Complex, profound and indulgent, the Charles Heidsieck Brut Réserve has been given the gift of time, as one discovers upon tasting it. The House specifies on each bottle the year of cellaring and of disgorgement to advise connoisseurs on
the cellar aging process. The rare, thousand-year-old Crayères, purchased by Charles Heidsieck in 1867, inspired the large base and narrow neck of the new silhouette for the non-vintage wine bottles. This unique shape increases the volume of wine in contact with the lees, thereby enhancing its aromatic range and the complexity of the Brut Réserve.
The Brut Reserve the very quintessence of the Charles Heidsieck style. Easily recognizable, this wine is the fruit of a unique blend that can be summarized in one equation:
60: the number of hand-selected crus for a blend that is precise, crisp and tailor-made. Wines produced in the harvest year, a third for each variety (Meunier, Chardonnay and Pinot Noir), are vinified cru by cru, variety by variety, in stainless steel vats.
40: a high proportion of 40% reserve wines, equally divided between Chardonnay and Pinot Noir, ensure the fine complexity and voluptuousness of the Brut Réserve.
10: the reserve wines average age, extraordinary for Champagne. Sourced from the best crus produced in the greatest years, the wines placed in reserve are kept for between 5 and 15 years in stainless steel tanks if not more. This maturing time is essential for their refinement and for the development of their aromatic range.
Three founding crus, essential to the Charles signature.
From amongst the 60 crus selected to create this iconic wine, three form the stylistic pillars of the Brut Réserve: Oger (Chardonnay grand cru from the Côte des Blancs) gives it fleshy, generous notes; Ambonnay (Pinot Noir grand cru from the
Montagne de Reims) synonymous with strength, structure, and fruitiness; and finally, Verneuil (Meunier from the Marne Valley), ensures balance and unctuous texture.
The Cellar Master adds an essential principle to the Charles style: the dimension of Time - his "fourth grape variety" - that is taken far beyond the 15-month norm of the region.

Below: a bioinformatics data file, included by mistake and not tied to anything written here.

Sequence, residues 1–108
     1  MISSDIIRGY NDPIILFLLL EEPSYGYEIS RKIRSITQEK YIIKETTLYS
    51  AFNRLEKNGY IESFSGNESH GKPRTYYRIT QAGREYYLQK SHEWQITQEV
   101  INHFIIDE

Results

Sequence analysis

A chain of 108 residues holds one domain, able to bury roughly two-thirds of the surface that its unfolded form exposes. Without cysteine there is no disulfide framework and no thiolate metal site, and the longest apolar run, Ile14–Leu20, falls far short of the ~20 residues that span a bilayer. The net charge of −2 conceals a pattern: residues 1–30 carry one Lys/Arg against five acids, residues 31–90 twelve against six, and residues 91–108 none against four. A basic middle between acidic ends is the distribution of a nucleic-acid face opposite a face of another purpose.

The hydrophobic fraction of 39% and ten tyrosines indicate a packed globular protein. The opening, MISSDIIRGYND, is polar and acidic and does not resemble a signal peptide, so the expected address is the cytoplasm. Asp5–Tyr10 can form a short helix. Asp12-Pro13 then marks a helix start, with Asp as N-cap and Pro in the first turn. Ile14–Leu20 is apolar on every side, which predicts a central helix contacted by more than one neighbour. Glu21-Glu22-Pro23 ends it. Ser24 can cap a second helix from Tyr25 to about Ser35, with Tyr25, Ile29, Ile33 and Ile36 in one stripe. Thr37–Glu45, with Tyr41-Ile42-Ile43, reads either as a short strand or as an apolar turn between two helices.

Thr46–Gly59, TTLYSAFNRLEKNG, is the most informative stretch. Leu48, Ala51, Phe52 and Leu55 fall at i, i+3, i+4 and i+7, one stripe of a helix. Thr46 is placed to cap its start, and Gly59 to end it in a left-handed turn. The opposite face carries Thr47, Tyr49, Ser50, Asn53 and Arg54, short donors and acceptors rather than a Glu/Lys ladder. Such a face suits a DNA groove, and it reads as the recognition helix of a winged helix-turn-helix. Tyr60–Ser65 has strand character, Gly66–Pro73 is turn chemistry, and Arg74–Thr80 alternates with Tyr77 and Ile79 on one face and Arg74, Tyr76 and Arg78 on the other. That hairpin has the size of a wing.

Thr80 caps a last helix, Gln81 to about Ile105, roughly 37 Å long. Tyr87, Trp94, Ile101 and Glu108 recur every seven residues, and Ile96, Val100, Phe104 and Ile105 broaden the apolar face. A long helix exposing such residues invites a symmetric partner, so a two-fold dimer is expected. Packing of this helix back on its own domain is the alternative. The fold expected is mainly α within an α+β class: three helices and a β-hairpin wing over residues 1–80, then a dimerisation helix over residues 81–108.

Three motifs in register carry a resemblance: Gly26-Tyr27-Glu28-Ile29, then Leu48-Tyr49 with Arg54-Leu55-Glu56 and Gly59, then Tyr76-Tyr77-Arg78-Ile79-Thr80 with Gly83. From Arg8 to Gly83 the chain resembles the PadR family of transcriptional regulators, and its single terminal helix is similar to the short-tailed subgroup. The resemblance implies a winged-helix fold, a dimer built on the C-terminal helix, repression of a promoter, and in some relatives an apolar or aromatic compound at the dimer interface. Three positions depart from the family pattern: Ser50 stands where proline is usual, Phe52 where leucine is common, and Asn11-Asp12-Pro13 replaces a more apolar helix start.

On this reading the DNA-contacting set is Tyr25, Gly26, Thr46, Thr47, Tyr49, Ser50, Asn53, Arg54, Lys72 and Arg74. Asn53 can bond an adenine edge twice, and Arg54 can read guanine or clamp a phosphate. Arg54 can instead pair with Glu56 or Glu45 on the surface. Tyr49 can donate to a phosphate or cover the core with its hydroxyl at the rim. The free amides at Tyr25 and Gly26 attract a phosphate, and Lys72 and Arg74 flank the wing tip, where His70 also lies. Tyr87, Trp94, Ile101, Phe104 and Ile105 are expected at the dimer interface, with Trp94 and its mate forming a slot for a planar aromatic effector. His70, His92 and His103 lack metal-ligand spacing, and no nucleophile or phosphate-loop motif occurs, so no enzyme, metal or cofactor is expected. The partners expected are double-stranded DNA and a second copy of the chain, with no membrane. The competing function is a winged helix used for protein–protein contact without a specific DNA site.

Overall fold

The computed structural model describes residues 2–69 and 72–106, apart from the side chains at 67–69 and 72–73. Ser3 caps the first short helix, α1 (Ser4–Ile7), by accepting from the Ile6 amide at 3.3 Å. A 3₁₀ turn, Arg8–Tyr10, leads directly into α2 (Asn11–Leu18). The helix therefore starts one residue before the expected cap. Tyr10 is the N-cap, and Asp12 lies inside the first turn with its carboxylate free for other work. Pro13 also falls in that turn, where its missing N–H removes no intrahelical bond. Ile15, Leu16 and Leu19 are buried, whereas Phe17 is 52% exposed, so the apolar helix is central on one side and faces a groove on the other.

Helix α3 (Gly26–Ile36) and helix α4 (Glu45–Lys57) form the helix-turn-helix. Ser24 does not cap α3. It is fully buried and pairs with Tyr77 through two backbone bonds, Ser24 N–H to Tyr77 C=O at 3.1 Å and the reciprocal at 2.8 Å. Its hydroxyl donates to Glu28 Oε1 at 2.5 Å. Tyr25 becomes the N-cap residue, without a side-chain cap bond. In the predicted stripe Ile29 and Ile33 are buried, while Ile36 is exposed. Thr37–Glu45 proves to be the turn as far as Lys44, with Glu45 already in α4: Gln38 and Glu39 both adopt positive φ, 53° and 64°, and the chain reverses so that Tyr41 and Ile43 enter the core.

A deep golden hue.
Delicate vivacious and long-lasting bubbles are the result of a long and slow maturing process in chalk crayères (chalk cellars) that are part of the historical sites of the UNESCO’s world heritage list.
With 40% of reserve wines, the blend offers a complex, voluptuous nose with notes of freshly baked brioche and the richness of toasted notes and sun-drenched fruits - mango, apricot and greengage plum- along with a
touch of dried fruits, pistachio, and almond. The meticulous selection of crus ensures the delicious and sophisticated harmony of this champagne.
The texture is reminiscent of a crisp layer of nougatine on a velvety cream pastry filled with plump, red plums and ripe cherries. The reserve wines, some dating back more than 15 years, give the wine lushness. The depth
of the two-thousand-year-old chalk cellars where the wine matures offer a touch of praline along with glazed notes and vanilla.
Champagne & Sparkling Wines
The secret to Champagne bubbles comes from the addition of a special mixture of sugar and wine called the ‘liqueur d’expedition’. This is what makes the bubbles. Sparkling wines have bubbles and high acidity and range from white, rosé to red in colour. Sparkling wines have been long associated as a celebratory beverage, but actually match with a wide variety of foods.
Ice Cold (38-48 °F / 5-9 °C)
French Fries, Chili, Oysters, Salads, Fish Tacos, Salty Foods
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